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TB

Sokoloff

Research Report

January 10, 2018

During my family interview, my mother was not able to give me a lot of detail on my

grandparents past. Because of this, I decided to choose a research topic that interested me. I

chose to research the topic of racism and slavery in Latin America. The thesis I began to

become more exposed to was the thought that many people emigrate from their home country

to another for a better life.

The idea of a better life includes more skill based and greater pay jobs, more support for your

family, and a stronger education. In the article on Gallup News, the authors stated, “It seems

that job satisfaction in Latin America matters more than job availability in terms of driving

migration intent. A follow-up question asking employed respondents whether they are satisfied

with their current jobs produces an important distinction: 39% of those who are dissatisfied

would like to emigrate, versus 24% of those who are satisfied,” This article began explaining

how more people in Latin America were unsatisfied with their current employments. This would

be a factor in their act for change. Many of the sources I collected explained how unfairly people

were being treated based on the color of their skin. The complexion of these people’s skin

quickly determined how their life would turn out. Having to base their lives off the pigment of

their skin deferred them from doing the things that they needed or even wanted.
Poor living conditions forced people to lack in an education and job in Latin America. A section

of a Wikipedia article focuses on how people were treated specifically in Brazil. Racism in Brazil

has been going on since the colonial era, or from around 1500 to 1815. During this time, black

slaves were picked through a process based on skin color, gender, and nationality. Although

slavery then came to an end and people began believing that racial democracy was true, people

soon began to not believe in it. It began with the majority of the country’s Pardo, or mixed,

people seeing more non European Brazilians on television and in musical groups. In telenovelas

on televisions, dark skin people began being shown as low socioeconomic workers. From there

it became harder for people with darker skin to find the same job and education opportunities

non Pardo people had. Based on Rios and Crabtree’s article, this hardship forced 31% of their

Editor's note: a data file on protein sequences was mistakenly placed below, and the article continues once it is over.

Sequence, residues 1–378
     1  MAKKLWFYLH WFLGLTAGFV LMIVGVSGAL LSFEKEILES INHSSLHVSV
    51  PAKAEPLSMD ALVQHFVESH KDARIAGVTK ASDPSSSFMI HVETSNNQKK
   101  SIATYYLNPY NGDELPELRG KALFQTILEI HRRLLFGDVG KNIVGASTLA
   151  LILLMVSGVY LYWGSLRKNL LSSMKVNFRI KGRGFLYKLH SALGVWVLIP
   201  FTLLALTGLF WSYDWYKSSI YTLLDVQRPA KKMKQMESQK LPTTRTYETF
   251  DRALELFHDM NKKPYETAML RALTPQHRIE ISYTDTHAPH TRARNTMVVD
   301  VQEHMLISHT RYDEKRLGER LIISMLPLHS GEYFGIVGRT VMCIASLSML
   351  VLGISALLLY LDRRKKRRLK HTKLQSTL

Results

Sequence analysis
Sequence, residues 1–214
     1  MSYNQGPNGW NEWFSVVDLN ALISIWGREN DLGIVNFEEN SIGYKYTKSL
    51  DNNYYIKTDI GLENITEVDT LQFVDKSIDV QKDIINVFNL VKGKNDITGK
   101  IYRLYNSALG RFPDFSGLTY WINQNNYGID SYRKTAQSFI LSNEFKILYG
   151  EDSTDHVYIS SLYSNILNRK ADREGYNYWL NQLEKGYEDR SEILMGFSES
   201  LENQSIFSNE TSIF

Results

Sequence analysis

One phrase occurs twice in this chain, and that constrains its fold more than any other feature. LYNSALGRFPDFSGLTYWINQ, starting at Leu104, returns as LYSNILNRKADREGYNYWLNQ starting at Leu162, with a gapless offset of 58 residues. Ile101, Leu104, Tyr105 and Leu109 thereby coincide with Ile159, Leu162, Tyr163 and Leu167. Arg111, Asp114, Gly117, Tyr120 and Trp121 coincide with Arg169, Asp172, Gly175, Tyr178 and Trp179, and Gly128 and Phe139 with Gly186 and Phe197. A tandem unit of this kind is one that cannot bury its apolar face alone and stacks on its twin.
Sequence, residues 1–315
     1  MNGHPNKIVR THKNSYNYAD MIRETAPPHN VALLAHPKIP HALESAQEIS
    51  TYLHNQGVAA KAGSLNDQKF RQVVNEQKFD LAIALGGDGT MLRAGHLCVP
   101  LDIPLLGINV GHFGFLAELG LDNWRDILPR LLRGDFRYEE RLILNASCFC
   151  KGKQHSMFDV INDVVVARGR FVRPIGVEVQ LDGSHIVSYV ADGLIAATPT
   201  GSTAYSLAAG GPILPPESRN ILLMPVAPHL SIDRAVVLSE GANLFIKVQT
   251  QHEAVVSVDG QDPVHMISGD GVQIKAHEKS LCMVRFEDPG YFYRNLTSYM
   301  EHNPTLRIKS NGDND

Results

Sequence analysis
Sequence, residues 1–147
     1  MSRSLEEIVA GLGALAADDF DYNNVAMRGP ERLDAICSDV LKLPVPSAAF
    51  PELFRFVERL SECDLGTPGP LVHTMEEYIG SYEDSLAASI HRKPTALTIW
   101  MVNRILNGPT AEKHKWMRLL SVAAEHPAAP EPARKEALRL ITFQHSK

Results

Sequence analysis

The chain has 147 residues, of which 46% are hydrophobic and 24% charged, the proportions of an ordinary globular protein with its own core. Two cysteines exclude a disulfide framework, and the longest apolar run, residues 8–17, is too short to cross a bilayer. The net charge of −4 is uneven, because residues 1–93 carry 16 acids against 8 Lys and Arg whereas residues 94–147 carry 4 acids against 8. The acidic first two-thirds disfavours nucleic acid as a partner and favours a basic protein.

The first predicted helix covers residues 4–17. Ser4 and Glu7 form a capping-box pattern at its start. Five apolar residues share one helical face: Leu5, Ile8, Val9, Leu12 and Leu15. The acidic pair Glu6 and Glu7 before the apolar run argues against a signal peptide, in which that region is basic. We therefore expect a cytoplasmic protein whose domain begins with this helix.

poll responders to want and encourage Latin American people to move and 21% of the

responders families to actually begin moving.

Throughout Latin American, your eligibility to obtain a job is depicted upon the amount of

melanin throughout your skin and your ethnicity. As I continued to research the treatment

people received in Latin America, I began to view stories from people who face racism in their

own countries. On August 14, 2017, George Warner interviewed Pedro Attila on his experience

of being Pardo in Rio de Janeiro, Brazil. During the conference Petro explains his daily life and

how much the new job he was about to interview for would benefit not only himself but his family

as well. The source explained that government jobs began to take people with darker skin. As

Warner explains to listeners why Brazil treated dark people the way they did he says, “Brazil's

racist project was to whiten its population, to offer jobs and opportunities to Europeans like

Pedro's dad. And Pedro, by all the racial science at the time, should've been born

lighter-skinned.” Although Brazil had the intention to help people with light skin, they began
taking opportunities away from the Pardo people. According to the article written by Lulu

Garcia- Nararro, in 2014 the government in Latin America required that government jobs have

20% of their staff to be dark or pardo people. In the end, Pedro was accepted by the

commission for the job. As the interview closed out he explained how joining the fight for equal

job and education opportunities made him feel “more connected,” This interview allows listeners

to under the struggle pardo people in Brazil faced for simple life necessities. It allows us to

empathize with Pedro and people like himself to realize why moving away from these conditions

was what many latin americans dreamed of doing.

People should not receive or lack opportunities based on the color of their skin but by the quality

of their character. After conducting this research, I’m grateful to have access to new doors that

lead me to new good fortunes and learning experiences regardless of the way people portray

me. Not only have I learned about governmental issues in Latin America, but this research

allowed me to empathize with people facing these issues.